PORT ANGELES — The expected blip in the city’s economy from the oil rig that’s commanding its northward views has bloomed into a full-grown bubble.
The Red Lion Hotel was ready to house dozens of workers preparing the rig for its journey to Seattle. Instead, it got a couple of hundred, General Manager Robert Utz said Tuesday.
Meanwhile, other businesses have reaped a windfall from folks who’ve come to downtown to gawk at the big rig.
“It’s been a real boon to the waterfront,” said Greg Scherer, owner of Pacific Rim Hobby, 138 W. Railroad Ave., which is across the street from the shoreside esplanade that provides some of the best views of the Polar Pioneer and the MV Blue Marlin, which carried the oil rig from Malaysia.
At Kokopelli Grill, 203 E. Front St., chef Michael McQuay said increased business wasn’t dramatic but measurable, “maybe 8 [percent to] 9 percent in the last week.
“I can tell there’s been some engineers in at night, and our lunch business is probably double what it had been.”
At Downrigger’s Waterfront Restaurant, 115 E. Railroad Ave., owner Pat Davis said he’s served customers who came into his eatery in The Landing mall just to look over the rig while they ate.
They were the same kind of diners who stopped by when Port Angeles hosted a cruise ship, he said.
“Anything big in the harbor gets them down to the waterfront,” Davis said.
“Big” is one word for the Polar Pioneer, which soars 355 high above the Blue Marlin, atop whose 584-foot-by-206-foot deck the rig sits.
It will stay there for about another 10 days while the rig is detached from the floating dry dock that then will semi-submerge and let the Polar Pioneer float free.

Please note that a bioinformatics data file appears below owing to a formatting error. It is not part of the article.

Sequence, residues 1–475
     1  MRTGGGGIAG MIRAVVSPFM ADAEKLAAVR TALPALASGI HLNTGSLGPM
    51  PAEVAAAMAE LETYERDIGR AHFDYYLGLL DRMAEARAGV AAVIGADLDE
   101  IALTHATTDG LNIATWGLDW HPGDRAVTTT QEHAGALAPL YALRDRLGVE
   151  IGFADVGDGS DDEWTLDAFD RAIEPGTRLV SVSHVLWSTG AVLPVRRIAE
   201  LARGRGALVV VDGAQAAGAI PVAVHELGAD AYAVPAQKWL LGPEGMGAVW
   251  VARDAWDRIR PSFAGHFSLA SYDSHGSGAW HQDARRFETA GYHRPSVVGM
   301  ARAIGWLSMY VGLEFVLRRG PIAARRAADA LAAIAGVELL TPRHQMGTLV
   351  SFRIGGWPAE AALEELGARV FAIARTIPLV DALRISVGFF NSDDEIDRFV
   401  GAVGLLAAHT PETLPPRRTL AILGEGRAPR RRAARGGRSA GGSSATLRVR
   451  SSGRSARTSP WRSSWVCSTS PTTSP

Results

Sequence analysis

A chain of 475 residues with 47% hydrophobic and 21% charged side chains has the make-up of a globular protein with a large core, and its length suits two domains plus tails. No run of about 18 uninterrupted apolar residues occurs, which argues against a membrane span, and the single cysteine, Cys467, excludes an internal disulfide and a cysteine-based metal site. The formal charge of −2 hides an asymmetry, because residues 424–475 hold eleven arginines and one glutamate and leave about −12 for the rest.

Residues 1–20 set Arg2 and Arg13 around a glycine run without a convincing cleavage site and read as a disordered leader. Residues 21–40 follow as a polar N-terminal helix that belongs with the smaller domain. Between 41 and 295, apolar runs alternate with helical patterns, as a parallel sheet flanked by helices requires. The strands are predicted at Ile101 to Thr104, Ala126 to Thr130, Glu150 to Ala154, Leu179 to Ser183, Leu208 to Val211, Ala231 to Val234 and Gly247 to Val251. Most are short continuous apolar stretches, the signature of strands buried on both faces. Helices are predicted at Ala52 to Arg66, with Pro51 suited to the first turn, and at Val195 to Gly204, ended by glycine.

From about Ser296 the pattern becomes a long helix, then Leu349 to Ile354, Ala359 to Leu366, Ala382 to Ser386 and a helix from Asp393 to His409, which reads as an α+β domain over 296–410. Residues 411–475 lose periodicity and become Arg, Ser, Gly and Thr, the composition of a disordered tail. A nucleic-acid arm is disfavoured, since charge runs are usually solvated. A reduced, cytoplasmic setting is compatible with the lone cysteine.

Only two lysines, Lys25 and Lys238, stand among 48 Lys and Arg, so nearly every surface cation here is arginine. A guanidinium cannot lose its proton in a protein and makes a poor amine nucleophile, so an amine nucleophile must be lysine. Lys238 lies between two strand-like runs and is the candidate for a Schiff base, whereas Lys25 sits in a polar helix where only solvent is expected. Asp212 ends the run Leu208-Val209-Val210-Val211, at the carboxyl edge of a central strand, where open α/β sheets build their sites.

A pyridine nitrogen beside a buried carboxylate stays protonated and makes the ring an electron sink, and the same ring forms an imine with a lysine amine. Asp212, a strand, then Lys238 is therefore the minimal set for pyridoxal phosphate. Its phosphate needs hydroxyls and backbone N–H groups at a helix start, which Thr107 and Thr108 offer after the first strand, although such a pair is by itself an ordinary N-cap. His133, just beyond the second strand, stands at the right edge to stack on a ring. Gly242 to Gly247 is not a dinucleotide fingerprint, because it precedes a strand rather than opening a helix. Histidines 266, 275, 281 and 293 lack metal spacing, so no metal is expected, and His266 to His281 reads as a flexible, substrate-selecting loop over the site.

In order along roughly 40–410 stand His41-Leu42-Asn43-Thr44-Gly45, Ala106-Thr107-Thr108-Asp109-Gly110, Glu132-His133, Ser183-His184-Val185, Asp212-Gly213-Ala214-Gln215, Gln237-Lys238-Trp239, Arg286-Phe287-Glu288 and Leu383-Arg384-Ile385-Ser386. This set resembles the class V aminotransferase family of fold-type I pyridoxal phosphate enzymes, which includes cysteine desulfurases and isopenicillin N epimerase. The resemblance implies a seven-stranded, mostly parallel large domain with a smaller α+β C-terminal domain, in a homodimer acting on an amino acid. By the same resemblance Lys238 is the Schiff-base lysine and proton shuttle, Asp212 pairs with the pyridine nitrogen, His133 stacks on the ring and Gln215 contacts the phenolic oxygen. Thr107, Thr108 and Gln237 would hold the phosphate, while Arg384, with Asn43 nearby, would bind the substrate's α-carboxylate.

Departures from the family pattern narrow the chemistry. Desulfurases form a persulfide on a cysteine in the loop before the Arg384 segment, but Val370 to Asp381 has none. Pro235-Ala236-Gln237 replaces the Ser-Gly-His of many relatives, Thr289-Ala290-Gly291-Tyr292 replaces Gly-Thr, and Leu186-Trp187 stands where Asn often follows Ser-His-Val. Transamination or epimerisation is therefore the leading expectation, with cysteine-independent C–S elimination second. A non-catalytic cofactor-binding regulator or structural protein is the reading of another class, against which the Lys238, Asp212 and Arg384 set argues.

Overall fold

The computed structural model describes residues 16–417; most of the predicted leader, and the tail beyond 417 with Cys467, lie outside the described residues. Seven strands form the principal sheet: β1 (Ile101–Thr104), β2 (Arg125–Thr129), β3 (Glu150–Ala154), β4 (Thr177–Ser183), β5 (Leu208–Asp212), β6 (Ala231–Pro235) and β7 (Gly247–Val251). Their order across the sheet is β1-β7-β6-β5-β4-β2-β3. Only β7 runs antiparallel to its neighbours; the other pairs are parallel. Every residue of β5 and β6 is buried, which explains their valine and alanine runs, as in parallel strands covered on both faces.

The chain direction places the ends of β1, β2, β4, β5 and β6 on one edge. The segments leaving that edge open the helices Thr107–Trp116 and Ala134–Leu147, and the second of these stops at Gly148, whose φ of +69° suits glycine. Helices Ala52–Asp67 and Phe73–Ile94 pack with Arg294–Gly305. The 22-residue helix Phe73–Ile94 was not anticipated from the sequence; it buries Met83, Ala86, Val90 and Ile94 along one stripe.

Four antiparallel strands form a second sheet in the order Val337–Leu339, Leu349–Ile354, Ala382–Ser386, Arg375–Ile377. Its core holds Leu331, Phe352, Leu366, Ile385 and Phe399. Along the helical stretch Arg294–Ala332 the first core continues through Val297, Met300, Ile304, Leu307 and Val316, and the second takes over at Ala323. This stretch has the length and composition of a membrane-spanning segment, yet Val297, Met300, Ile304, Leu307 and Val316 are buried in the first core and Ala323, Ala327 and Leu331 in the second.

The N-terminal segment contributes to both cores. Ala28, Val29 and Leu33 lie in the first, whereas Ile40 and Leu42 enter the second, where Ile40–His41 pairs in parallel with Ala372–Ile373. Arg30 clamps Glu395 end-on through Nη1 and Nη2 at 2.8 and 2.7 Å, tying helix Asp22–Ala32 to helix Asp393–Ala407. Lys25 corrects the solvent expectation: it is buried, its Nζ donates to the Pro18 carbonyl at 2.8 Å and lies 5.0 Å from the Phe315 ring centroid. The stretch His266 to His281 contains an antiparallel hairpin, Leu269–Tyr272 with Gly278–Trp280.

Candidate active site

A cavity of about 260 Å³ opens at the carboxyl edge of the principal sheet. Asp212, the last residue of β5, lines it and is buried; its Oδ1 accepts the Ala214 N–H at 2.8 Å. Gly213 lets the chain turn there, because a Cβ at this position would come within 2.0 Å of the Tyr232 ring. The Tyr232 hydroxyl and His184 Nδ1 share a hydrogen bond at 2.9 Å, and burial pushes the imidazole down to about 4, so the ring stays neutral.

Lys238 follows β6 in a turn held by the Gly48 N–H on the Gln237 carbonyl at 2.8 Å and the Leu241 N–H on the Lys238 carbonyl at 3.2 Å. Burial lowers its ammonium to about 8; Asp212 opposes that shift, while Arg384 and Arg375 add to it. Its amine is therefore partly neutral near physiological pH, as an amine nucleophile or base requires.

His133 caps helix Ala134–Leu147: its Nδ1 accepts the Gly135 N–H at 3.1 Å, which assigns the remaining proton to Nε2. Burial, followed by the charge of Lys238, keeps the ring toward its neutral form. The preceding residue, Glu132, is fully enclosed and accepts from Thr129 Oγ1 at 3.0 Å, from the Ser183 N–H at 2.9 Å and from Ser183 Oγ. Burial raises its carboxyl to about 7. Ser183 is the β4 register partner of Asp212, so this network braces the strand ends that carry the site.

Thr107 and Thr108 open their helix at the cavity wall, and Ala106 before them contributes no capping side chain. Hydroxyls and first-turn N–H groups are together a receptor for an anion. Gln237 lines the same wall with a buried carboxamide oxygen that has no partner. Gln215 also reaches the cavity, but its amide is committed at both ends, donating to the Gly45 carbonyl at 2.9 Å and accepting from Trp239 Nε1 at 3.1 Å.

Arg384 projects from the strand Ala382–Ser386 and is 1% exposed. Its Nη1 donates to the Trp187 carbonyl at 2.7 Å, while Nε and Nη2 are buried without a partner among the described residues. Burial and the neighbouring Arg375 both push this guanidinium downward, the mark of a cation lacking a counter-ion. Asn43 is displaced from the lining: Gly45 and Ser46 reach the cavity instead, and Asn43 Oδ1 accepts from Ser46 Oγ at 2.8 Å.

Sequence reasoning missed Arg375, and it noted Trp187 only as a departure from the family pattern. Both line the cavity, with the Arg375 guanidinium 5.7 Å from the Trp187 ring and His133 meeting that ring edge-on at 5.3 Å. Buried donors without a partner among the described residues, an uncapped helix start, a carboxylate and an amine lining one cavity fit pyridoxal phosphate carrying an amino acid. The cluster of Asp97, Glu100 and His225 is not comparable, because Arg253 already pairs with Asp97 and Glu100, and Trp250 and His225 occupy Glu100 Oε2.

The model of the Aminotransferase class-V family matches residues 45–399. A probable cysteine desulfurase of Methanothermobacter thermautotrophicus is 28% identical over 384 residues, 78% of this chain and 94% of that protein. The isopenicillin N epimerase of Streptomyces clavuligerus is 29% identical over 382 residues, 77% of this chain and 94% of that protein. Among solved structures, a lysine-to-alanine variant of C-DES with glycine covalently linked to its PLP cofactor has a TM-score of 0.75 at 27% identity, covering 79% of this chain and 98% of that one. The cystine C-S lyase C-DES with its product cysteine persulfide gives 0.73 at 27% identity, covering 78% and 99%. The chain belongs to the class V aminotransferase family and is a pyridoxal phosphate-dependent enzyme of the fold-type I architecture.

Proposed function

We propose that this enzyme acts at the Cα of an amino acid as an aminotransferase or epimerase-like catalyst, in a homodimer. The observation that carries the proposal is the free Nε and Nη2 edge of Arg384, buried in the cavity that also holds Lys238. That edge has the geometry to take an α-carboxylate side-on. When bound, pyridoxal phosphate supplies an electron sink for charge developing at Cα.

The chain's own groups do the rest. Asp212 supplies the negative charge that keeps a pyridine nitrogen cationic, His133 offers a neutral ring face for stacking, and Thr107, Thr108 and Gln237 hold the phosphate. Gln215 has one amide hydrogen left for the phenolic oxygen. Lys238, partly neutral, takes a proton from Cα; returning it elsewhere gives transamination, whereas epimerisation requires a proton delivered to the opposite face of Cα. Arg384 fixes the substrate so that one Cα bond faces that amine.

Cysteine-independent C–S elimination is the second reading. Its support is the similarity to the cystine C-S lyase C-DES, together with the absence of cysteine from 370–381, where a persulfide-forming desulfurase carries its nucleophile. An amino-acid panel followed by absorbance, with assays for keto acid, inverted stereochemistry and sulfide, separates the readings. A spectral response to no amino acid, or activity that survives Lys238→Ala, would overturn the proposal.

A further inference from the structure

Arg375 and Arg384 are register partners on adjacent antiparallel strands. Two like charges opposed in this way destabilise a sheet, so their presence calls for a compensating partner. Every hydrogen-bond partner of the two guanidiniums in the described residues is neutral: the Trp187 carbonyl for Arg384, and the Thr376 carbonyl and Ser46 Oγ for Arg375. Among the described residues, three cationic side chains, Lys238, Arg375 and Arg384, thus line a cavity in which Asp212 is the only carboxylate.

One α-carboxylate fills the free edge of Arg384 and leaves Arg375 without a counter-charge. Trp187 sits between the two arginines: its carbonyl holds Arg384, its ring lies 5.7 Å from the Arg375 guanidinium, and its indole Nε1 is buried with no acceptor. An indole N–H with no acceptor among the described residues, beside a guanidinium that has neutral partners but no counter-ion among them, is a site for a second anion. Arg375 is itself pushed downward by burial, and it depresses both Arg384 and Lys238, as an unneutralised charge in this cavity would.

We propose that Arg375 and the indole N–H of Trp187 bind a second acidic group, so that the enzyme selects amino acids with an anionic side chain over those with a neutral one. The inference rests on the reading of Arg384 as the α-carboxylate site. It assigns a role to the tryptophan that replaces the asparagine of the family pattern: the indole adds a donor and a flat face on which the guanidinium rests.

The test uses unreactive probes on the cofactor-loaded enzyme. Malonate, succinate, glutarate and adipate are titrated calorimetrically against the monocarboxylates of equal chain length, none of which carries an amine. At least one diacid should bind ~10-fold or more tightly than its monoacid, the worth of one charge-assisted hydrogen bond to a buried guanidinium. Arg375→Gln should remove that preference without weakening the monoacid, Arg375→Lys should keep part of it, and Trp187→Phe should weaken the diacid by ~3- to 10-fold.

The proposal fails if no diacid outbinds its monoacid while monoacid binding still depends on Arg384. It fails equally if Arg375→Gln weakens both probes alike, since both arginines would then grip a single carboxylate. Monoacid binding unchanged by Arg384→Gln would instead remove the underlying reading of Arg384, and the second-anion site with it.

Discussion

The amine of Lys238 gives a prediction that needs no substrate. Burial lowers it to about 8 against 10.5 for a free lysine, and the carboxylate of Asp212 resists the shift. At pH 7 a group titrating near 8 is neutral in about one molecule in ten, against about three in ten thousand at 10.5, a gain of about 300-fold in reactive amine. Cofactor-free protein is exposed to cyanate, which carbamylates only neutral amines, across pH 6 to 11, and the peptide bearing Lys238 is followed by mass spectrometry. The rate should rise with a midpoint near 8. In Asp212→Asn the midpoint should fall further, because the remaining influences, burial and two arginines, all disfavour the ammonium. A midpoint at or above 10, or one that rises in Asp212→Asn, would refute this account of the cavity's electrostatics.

The 900-foot-long Blue Marlin is more than a fifth longer than the Holland America cruise ship ms Statendam, which called on Port Angeles last May.
The Polar Pioneer will remain floating in the harbor awaiting towing to Seattle for final refitting before Royal Dutch Shell tows it into Alaskan waters to drill for oil.
Ken O’Hollaren, executive director of the Port of Port Angeles, said the port receives no revenue from the anchorage of the Blue Marlin but will get about $16,000 in new money over the two weeks it and the Polar Pioneer are in the harbor for moorage fees from vessels that support it.
Meanwhile at the Red Lion Hotel, 221 N. Lincoln St., Utz has employed 10 more people to help shelter and feed the marine workers who are readying the rig for its trip.
“We may have the most direct impact, providing lodging for many of them who are here,” he said.
“It’s definitely been a spike in our business. Anytime you can pick up a lot of people offseason, it’s a big benefit.”
The influx of workers advanced the hotel’s tourist season by more than a month, he said.
“We were thinking dozens [of guests from the rig] until about a week ago,” Utz said. “But it’s been anywhere from 150 to over 200.”
The Red Lion is providing both beds and board for the workers, holding buffets in its banquet rooms for breakfast and dinner, he said.
Between times, the workers board Willie Nelson’s All Points Charters & Tours van for the short trip to the Arrow Launch Service’s dock just west of The Landing mall.
From there, an Arrow tender/water taxi takes them to the rig.
About 90 people make the trip each morning and evening, Nelson said. He takes another 35 passengers to and from it for a night shift.
“I’m almost feeling guilty because I’m making too much money on the deal,” he joked.
“Just kidding. It’s an economic shot in the arm for me when I need it.”
Nelson had added motor coach service to the Snoqualmie and Crystal Mountain ski resorts to his passenger van business.
“With no snow,” he said, “I just got kicked in the gut this winter.”
The business blessing wasn’t an unmixed one at the Red Lion, where Utz arrived about a month ago after working in Indianapolis.
“It’s been kind of crazy because there have been more people than we expected,” he said.
“All the employees in this hotel have really rallied, so I’m really proud of how they have performed.
“They’ve really stepped up to the plate.”
Reporter James Casey can be reached at 360-452-2345, ext. 5074, or at [email protected]